The disorders fructose malabsorption and lactose intolerance causes improper absorption of tryptophan in the intestine, reduced levels of tryptophan in the blood[12] and depression.[13]

In bacteria that synthesize tryptophan, high cellular levels of this amino acid activate a repressor protein, which binds to the trp operon.[14] Binding of this repressor to the tryptophan operon prevents transcription of downstream DNA that codes for the enzymes involved in the biosynthesis of tryptophan. So high levels of tryptophan prevent tryptophan synthesis through a negative feedback loop and, when the cell's tryptophan levels are reduced, transcription from the trp operon resumes. The genetic organisation of the trp operon thus permits tightly regulated and rapid responses to changes in the cell's internal and external tryptophan levels.

Dietary sources

Tryptophan is a routine constituent of most protein-based foods or dietary proteins. It is particularly plentiful in chocolate, oats, durians, mangoes, dried dates, milk, yogurt, cottage cheese, red meat, eggs, fish, poultry, sesame, chickpeas, sunflower seeds, pumpkin seeds, spirulina, and peanuts.[15] Despite popular belief to the contrary, the level found in turkey is at a level typical of poultry in general.[16]

Tryptophan (Trp) Content of Various Foods[16][17]
Food Protein
[g/100 g of food]
[g/100 g of food]
Tryptophan/Protein [%]
egg, white, dried
spirulina, dried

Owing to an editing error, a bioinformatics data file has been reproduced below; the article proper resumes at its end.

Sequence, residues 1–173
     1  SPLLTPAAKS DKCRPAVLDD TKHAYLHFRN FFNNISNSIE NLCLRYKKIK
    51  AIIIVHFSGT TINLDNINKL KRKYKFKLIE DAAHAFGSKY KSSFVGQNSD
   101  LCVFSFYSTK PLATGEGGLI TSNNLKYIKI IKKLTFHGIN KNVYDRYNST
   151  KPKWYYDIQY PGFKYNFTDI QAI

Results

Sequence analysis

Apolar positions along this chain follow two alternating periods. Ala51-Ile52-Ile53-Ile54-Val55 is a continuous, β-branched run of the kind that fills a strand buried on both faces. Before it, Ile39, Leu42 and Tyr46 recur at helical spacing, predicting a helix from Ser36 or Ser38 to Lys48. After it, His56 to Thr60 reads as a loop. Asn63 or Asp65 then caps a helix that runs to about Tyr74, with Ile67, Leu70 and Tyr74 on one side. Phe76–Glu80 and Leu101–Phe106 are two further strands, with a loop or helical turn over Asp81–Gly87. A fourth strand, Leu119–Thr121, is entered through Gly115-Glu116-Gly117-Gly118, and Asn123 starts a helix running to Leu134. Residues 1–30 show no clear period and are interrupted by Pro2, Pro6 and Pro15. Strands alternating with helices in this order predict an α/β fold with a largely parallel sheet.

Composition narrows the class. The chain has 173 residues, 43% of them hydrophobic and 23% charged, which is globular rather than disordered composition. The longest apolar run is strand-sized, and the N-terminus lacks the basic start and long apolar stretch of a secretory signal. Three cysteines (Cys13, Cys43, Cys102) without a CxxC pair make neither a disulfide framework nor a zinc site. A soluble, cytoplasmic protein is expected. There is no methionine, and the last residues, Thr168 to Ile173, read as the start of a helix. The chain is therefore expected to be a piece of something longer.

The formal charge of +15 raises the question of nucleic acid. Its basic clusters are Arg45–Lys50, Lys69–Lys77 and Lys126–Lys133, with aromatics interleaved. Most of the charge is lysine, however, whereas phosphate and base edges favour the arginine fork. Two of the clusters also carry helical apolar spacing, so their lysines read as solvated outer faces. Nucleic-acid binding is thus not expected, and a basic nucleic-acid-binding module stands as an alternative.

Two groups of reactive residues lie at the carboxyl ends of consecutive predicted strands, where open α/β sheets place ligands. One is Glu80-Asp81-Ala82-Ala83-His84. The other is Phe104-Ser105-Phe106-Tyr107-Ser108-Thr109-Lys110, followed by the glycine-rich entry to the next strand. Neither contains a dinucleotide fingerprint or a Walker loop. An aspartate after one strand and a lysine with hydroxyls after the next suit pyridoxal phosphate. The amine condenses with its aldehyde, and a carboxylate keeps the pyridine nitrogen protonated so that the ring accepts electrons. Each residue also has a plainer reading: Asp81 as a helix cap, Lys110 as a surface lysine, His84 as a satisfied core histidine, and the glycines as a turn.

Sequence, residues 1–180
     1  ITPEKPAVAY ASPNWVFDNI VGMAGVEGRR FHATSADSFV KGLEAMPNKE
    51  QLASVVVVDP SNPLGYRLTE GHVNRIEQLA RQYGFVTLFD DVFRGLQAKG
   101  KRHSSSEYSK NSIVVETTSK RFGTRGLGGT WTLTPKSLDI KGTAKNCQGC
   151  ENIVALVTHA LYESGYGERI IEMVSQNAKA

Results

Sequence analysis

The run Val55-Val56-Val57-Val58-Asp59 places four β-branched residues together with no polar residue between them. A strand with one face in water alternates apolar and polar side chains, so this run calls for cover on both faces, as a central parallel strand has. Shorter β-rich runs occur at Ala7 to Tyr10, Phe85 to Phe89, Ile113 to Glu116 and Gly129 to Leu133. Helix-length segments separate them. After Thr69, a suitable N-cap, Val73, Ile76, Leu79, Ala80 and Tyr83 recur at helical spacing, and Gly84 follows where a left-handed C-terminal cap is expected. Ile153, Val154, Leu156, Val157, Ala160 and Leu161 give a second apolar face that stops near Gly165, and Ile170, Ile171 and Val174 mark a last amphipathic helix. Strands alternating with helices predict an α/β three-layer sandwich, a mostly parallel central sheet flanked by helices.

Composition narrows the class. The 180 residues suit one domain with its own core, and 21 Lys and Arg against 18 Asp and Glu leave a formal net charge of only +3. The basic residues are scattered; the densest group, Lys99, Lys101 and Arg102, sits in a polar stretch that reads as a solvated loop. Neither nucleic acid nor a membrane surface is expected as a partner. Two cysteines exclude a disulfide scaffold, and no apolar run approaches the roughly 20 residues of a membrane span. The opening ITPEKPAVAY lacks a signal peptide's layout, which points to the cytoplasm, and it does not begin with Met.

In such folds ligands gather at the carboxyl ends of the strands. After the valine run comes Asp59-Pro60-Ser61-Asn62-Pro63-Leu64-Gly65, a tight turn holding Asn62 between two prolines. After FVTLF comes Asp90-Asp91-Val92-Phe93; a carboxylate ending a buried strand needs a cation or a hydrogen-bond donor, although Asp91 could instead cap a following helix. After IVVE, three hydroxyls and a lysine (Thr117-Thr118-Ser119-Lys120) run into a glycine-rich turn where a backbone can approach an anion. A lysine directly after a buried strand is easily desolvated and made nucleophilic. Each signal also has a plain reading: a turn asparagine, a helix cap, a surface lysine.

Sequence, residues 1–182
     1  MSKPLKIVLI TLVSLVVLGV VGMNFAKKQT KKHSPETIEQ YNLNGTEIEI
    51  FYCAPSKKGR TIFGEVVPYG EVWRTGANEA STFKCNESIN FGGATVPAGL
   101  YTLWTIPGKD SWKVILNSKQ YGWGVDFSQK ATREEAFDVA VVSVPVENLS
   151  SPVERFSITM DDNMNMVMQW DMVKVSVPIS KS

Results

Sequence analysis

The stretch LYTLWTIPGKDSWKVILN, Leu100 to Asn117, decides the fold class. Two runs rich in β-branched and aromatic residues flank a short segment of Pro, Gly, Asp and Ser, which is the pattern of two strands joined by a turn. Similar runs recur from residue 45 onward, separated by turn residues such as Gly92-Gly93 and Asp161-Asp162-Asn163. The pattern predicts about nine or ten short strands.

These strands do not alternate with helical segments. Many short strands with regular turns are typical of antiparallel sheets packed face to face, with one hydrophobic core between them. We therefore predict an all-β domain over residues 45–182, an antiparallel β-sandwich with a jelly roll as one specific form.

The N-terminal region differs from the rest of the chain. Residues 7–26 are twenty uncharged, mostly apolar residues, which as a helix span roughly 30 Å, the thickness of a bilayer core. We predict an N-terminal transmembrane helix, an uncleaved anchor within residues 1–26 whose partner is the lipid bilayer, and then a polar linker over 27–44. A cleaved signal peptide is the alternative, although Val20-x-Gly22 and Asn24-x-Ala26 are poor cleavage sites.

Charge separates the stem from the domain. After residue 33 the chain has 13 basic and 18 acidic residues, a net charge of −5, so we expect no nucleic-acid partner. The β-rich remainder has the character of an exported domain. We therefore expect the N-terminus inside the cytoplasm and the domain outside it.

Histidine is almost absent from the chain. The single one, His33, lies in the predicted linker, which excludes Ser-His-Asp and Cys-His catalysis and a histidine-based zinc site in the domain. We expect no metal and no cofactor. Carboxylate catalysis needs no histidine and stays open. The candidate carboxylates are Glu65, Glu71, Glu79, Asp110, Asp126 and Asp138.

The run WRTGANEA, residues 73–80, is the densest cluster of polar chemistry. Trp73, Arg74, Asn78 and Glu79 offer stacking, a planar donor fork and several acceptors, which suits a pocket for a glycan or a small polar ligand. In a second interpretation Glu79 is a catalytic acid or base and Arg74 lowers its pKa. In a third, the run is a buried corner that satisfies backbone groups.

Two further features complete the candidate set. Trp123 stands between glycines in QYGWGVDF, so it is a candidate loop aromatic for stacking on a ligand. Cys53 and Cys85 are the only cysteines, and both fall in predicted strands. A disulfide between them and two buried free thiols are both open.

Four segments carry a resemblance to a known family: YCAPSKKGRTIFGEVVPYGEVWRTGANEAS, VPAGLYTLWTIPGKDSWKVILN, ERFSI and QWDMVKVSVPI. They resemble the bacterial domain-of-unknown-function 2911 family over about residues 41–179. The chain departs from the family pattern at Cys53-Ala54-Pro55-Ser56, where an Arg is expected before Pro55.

cod, atlantic, dried
soybeans, raw
cheese, Parmesan
sesame seed
cheese, cheddar
sunflower seed
pork, chop
lamb, chop
perch, Atlantic
wheat flour, white
rice, white
potatoes, russet

Use as a dietary supplement

For some time, tryptophan has been available in health food stores as a dietary supplement. Many people found tryptophan to be a safe and reasonably effective sleep aid, probably due to its ability to increase brain levels of serotonin (a calming neurotransmitter when present in moderate levels)[18] and/or melatonin (a sleep-inducing hormone secreted by the pineal gland in response to darkness or low light levels).[19][20] Some users of MDMA (street name "ecstasy") will eat tryptophan-containing foods to shorten the 'come down' effect of having lower levels of serotonin than usual (due to an extra large release caused by the drug).

Clinical research has shown mixed results with respect to tryptophan's effectiveness as a sleep aid, especially in normal patients.[21][22][23] Furthermore tryptophan has shown some effectiveness for treatment of a variety of other conditions typically associated with low serotonin levels in the brain[24] such as premenstrual dysphoric disorder[25] and seasonal affective disorder.[26][27] In particular, tryptophan has shown considerable promise as an antidepressant alone[28] and as an "augmenter" of antidepressant drugs.[28][29] However, the reliability of these clinical trials has been questioned.[30][31]


5-Hydroxytryptophan (5-HTP), a metabolite of tryptophan, has been suggested as a treatment for epilepsy[32] and depression, although clinical trials are regarded inconclusive and lacking.[33]